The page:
Good news.  Malcolm threw up early Saturday morning.  This left plenty of time for him to recover over the weekend so Shawn and I wouldn't have to take time off work Monday.
Bad news.  Shawn, Nevin and Scarlett started on Sunday night.

Good news.  I was scheduled to leave at 5:30am Monday morning for work related road trip.  Sayonara, sickies!  Good luck with that!
Bad news.  It struck me Monday night.  While I was sharing a room with relative strangers.

Good news.  I took the train for my trip.  Even if I was exhausted, I didn't have to drive 7 hours to get home.  Lap of luxury.
Bad news.  A wind storm hit.  Our train hit a few trees, and took out its headlights - no biggie since it was daytime.  Then a giant tree took out power lines beside the track.  Delays.  We missed our connection.  Ultimately, we took a four hour taxi ride to get home.

Good news.  By the time I got home, Shawn had recovered, disinfected everything and it was like nothing had ever happened.
Bad news.  Just when I thought everything was back to normal, my belly played cruel tricks on me.

We started calling it The Week Of March Sixth because every monster deserves a wicked name.  Good news: it is now the week of March 13th, and as creatures of the weekly variety always do, The Week Of March Sixth has gone back to bed.  (Which is also were you'll find us).

Monday, 20 February 2017

Chocolate Peanut Butter Crispies


Hello Family Day 2017.  Its nice to see you.

We had these grand plans of doing family things outside, but then the toddler had an epic fit about being towed on a GT snow racer while the rest of the family snowshoed.  And no, he didn't want to be snowshoeing.  Being carried in someone's arms was the only acceptable mode of transportation for him today.  Shawn turned back with him lest the neighbours think a child was being killed by coyotes in the woods.

After a short half-family snowshoe, we went back to our driveway.  We had new big plans of playing hockey.  That worked for a while.  Shawn made me a lounge chair out of a snowbank in the warm sun, so I was happy.  Malcolm had trucks to dig in the snow, so he was thrilled.  But then Scarlett decided that winter is too long and too cold, and cuddling with mum on a snowbank lounger just isn't the same as the real thing.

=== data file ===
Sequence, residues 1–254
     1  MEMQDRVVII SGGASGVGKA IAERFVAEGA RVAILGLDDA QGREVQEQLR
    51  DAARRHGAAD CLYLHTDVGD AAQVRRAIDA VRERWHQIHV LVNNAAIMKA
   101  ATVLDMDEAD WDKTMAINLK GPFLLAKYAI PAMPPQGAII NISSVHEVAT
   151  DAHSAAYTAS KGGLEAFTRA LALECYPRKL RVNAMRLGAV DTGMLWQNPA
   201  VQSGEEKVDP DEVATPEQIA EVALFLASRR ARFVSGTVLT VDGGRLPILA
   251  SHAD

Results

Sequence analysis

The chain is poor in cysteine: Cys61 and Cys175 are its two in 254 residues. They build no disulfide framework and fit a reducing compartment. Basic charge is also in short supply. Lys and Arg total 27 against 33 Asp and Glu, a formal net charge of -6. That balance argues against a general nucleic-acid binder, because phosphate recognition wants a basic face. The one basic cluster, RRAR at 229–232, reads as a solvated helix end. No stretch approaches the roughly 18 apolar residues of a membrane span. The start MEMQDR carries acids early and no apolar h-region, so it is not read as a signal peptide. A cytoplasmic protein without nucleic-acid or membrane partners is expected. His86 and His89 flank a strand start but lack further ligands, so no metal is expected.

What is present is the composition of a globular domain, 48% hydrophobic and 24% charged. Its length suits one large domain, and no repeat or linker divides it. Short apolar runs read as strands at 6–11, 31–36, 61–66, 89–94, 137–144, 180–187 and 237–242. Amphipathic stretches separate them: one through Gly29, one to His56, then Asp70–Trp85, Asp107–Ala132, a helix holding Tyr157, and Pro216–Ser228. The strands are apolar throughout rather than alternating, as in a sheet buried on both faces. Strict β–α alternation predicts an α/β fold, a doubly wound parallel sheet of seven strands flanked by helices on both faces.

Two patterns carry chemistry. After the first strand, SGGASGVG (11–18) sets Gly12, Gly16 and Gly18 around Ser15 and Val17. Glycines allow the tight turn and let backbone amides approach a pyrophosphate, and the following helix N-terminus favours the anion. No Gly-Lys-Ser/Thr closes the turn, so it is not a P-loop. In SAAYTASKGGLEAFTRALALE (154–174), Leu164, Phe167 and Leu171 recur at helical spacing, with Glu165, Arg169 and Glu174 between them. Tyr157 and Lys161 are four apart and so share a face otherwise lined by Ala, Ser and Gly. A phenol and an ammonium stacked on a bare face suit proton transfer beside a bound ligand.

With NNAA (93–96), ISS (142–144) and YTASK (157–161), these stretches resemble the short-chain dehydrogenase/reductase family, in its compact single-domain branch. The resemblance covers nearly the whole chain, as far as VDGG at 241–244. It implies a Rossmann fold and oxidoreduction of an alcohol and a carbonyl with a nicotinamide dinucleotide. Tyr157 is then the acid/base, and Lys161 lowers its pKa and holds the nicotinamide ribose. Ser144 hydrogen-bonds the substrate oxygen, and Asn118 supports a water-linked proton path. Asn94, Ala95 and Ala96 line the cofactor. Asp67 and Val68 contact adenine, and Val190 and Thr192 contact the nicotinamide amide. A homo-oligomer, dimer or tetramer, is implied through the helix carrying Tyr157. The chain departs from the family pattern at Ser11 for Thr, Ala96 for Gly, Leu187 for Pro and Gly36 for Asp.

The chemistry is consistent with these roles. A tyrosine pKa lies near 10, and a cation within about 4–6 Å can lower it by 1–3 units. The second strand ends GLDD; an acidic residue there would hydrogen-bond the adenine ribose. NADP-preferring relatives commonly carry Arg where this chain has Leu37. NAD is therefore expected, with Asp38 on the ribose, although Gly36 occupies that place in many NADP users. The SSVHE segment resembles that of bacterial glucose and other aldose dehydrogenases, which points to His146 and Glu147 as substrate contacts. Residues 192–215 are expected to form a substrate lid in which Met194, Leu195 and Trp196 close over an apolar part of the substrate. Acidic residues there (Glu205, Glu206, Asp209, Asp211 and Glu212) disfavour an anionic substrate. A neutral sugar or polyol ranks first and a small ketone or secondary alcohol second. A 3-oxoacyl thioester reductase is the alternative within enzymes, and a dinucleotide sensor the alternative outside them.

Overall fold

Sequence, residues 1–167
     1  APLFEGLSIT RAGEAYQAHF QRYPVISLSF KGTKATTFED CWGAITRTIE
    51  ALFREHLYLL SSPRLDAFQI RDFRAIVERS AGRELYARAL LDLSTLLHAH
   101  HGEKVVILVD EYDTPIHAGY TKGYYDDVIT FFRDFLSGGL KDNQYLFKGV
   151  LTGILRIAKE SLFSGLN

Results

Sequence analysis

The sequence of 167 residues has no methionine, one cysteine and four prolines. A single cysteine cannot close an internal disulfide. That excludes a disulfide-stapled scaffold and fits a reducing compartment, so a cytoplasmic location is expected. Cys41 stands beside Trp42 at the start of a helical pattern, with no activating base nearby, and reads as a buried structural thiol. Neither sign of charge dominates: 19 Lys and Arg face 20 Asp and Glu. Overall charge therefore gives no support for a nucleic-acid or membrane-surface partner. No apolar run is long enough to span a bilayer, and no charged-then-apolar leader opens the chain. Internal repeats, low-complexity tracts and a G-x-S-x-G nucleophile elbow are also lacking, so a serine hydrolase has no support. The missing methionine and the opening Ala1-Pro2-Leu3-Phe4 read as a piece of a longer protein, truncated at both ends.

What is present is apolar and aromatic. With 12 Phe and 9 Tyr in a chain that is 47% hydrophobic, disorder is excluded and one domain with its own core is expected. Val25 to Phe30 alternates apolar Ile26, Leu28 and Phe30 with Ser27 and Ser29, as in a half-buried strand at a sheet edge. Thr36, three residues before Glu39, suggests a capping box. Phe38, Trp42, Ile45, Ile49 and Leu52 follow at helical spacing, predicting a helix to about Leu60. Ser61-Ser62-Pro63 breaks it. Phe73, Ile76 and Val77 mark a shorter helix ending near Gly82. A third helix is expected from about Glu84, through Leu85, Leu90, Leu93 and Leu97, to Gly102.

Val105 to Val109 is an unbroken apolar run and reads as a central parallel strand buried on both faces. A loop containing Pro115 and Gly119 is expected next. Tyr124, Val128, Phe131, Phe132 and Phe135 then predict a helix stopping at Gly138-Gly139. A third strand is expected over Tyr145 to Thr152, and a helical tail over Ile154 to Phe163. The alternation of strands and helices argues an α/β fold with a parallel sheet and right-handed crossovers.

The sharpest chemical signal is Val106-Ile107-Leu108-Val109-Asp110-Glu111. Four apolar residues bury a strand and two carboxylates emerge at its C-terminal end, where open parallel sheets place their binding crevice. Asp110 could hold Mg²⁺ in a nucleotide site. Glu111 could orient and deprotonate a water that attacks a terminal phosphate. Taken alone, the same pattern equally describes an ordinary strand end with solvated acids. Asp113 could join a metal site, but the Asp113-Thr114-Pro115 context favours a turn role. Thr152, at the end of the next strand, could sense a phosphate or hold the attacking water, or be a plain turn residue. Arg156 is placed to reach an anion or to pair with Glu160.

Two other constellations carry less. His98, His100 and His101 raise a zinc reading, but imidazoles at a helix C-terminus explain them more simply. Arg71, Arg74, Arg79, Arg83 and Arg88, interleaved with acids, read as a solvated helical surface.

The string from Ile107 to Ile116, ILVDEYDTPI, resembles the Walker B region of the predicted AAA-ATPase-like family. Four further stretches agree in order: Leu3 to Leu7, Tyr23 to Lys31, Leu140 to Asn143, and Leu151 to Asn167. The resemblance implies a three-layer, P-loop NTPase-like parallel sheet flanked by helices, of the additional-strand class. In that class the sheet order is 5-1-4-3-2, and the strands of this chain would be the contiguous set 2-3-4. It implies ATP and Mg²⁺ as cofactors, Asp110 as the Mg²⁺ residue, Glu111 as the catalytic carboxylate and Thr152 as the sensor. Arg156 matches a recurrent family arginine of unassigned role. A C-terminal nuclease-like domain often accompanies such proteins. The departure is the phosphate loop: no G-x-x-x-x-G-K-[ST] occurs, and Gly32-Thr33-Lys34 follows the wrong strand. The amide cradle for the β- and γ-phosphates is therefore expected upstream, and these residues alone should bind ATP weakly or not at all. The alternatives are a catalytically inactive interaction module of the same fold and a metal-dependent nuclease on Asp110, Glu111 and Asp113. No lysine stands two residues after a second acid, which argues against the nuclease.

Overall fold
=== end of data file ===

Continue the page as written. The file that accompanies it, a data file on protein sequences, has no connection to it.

So the girls gave up on Canadian winters, went inside to make cookies and consoled ourselves with melted chocolate and peanut butter.  And in the end, we felt like we came out winners.

Chocolate Peanut Butter Crispies
Adapted from One Part Plant by Jessica Murnane

1 cup + 2 Tbsp peanut butter
1/4 cup maple syrup
1 tsp vanilla extract
pinch salt
2 cups crispy rice cereal
1 cup chocolate

1) Mix 1 cup of peanut butter, maple syrup, vanilla extract and salt in a large mixing bowl.  Stir in the rice crispies.
2) Take a tablespoon-sized amount of the mixture and roll it in to a ball.  Place the balls on a parchment paper lined cookie sheet or plate.
3) Melt the chocolate and remaining 2 Tbsp of peanut butter in the microwave.  It might take about 2 minutes, but stop every 30 seconds or so to stir.
4) Drizzle the melted chocolate over the balls.  Sprinkle coconut flakes or coarse sea salt over the chocolate covered balls.
5) Freeze until ready to serve.

Sunday, 12 February 2017

Balloon Ball

We sat on the floor with ministick nets between us, using our octopus arms to lob a balloon at each other volleyball-style, only without the strict rules.  Boys vs. girls.
Post-it notes turned our shirts into jerseys.
Folk music blaring to counterpoint the intensity of the court.